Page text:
North Korea said yesterday it had awarded its highest title to late North Korean leader Kim Jong-il on the eve of his 70th birthday, the latest move to burnish his legacy as his son consolidates power.
The announcement that Kim Jong-il had been posthumously appointed “Generalissimo” came a day after a statue of the former leader was unveiled in Pyongyang, showing him on horseback alongside his father and national founder Kim Il-sung.
The North also promoted 23 senior military officers on the orders of Kim Jong-il’s young son and successor Kim Jong-un, who has been declared supreme commander of the 1.2 million-strong military as well as national leader.
A Korean-language report by the official news agency praised Kim Jong-il’s record in elevating the North into “a nuclear state” that could also produce and launch satellites — a reference to its controversial missile program.
The agency’s English-language report did not mention the nuclear achievements. North Korean and US officials will meet in Beijing next week for talks aimed at reviving six-nation nuclear disarmament negotiations.
The English report praised Kim, who died on Dec. 17 of a heart attack aged 69, for turning the North into a military power with his Songun (“military-first”) policy and for leading “the stand-off with imperialism and the US to victory.”
The North has declared Kim Jong-il’s birthday of Feb. 16 “The Day of the Shining Star.” Commemorative stamps and coins have been produced and Pyongyang is staging a festival of -Kimjongilia, a hybrid red begonia.
An inscription 120m wide has been carved on a rockface in the southwestern province of South Pyongan to mark the occasion.
A total of 132 people have been awarded a new medal, the Order of Kim Jong-il, for services in building a “thriving socialist nation” and for increasing defense capabilities.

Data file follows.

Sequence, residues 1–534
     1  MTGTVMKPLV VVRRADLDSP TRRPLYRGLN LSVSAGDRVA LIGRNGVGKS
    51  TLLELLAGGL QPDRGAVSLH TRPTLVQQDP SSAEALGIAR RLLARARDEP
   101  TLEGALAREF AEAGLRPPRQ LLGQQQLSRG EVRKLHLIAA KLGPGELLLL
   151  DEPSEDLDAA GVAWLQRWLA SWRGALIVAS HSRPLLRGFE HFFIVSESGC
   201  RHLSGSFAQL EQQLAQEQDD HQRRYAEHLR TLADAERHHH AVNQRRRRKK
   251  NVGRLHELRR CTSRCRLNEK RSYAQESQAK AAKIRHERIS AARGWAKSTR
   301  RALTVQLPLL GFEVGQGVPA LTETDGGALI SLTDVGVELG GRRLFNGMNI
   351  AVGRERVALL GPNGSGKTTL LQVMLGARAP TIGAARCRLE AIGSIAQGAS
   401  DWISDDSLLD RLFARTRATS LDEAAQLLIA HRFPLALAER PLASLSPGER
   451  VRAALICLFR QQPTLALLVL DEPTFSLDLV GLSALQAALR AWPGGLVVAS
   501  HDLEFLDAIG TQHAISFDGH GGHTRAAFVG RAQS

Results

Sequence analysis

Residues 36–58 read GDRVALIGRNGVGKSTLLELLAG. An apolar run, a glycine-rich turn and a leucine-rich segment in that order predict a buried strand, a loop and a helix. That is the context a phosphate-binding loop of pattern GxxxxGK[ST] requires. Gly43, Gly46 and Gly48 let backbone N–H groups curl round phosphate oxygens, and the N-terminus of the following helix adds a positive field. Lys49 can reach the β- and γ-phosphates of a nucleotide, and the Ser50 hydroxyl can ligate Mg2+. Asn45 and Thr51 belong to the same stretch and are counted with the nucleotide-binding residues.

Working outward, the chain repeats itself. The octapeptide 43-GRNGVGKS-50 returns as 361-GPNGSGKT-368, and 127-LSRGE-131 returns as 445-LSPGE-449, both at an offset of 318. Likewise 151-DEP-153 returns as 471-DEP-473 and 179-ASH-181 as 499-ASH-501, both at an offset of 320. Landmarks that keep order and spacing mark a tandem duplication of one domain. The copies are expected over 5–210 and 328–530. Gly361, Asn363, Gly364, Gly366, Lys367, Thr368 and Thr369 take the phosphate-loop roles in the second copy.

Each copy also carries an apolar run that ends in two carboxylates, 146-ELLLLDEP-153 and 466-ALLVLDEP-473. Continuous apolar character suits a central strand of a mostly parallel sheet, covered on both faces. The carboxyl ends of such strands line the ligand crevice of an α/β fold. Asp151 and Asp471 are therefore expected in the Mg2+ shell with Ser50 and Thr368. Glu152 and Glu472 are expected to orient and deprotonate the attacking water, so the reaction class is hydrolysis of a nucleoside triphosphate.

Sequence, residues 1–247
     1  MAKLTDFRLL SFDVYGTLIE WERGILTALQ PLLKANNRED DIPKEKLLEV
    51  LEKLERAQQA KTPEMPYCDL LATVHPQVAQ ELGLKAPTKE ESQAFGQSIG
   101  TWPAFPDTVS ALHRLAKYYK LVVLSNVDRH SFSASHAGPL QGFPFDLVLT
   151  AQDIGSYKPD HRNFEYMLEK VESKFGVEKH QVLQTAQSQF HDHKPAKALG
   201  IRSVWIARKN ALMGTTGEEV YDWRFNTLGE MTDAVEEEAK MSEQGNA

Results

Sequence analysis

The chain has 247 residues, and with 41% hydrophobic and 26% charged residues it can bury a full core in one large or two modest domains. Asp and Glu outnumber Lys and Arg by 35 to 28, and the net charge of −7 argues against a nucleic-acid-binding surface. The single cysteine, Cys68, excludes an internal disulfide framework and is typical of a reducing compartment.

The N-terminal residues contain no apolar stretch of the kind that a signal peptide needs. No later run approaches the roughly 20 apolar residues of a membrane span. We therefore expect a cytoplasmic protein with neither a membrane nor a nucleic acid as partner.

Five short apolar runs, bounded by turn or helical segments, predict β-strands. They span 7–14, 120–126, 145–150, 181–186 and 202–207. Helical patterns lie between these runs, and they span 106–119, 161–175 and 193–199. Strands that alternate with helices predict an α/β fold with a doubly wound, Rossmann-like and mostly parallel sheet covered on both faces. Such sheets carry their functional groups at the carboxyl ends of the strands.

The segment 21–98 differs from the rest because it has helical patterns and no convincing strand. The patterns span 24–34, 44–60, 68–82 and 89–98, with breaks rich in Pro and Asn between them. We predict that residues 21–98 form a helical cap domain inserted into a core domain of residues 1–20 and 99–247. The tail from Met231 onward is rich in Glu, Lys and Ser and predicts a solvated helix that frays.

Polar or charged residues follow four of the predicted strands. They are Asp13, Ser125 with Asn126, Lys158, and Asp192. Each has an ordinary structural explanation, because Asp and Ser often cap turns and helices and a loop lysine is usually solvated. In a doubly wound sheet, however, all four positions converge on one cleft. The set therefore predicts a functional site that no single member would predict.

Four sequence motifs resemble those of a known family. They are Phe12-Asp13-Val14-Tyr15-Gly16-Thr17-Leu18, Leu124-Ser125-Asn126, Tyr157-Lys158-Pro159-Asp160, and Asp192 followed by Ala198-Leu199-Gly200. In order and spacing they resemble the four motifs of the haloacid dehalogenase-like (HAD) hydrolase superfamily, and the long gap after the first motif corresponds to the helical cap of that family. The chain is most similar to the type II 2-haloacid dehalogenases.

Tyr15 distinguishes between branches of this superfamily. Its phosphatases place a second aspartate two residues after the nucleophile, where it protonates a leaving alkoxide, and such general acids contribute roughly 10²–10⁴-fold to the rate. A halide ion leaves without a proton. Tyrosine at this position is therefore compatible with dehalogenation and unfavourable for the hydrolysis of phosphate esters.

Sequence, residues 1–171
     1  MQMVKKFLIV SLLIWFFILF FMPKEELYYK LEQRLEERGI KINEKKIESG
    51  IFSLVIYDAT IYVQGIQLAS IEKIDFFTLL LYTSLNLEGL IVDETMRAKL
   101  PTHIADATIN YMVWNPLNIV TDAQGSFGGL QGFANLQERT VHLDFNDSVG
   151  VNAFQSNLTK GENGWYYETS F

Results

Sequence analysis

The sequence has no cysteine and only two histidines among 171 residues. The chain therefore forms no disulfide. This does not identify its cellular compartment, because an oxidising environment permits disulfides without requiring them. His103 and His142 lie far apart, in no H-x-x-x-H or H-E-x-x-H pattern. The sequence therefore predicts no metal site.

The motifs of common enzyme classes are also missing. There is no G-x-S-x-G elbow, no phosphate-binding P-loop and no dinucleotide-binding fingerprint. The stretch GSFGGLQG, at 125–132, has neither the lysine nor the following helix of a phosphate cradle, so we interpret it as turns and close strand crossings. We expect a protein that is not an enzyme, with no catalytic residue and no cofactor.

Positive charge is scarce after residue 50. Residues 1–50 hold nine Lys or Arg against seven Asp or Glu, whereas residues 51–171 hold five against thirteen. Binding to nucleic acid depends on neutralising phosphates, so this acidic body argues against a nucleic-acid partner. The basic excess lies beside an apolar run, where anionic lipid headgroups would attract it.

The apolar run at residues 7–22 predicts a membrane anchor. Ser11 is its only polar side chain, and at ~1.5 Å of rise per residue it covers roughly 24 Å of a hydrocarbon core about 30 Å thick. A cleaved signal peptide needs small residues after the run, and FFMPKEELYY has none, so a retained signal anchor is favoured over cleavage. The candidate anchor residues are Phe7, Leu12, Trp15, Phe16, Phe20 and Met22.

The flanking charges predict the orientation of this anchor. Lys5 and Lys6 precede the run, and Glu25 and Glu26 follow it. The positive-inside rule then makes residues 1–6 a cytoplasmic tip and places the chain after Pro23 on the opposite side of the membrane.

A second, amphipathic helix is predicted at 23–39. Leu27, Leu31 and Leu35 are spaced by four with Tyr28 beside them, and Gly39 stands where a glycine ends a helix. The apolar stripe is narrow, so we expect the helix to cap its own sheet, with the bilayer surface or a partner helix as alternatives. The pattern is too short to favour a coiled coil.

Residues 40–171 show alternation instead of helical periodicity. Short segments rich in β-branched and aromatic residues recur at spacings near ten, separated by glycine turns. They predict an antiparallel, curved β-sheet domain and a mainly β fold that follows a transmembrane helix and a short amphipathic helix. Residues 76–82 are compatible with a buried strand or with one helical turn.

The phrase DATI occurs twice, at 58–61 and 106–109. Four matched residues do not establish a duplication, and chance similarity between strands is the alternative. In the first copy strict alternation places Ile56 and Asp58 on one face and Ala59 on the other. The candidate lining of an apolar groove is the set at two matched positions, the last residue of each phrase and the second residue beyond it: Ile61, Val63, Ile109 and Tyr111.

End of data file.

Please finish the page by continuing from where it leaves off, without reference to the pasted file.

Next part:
Efforts to intensify the personality cult around the Kim dynasty, which has ruled North Korea since its founding in 1948, signal that Kim Jong-un is firmly in power, Paik Hak-soon of South Korea’s Sejong Institute think-tank said.
“It clearly illustrates that [Kim] Jong-un’s status is being further justified and the North’s elite is determined to maintain him in power, largely to protect their vested interest in the system,” Paik said.
Pyongyang also announced a promotion to vice marshal for Kim Jong-gak, seen as one of the key figures helping the inexperienced Kim Jong-un tighten his grip on the military. He was one of the seven top officials who accompanied Kim Jong-un in walking besides his father’s hearse during the funeral procession on Dec. 28.
“Kim Jong-gak has previously been overseeing the military’s organization, its ideological direction and the link with the [ruling] party,” Paik said.
His promotion clearly signaled that the party was trying to strengthen its control over the military, which became more powerful under the Songun policy, the analyst said.
Kim Jong-il’s title of “generalissimo” is the same as that bestowed in 1992 on his father, who died of a heart attack in 1994.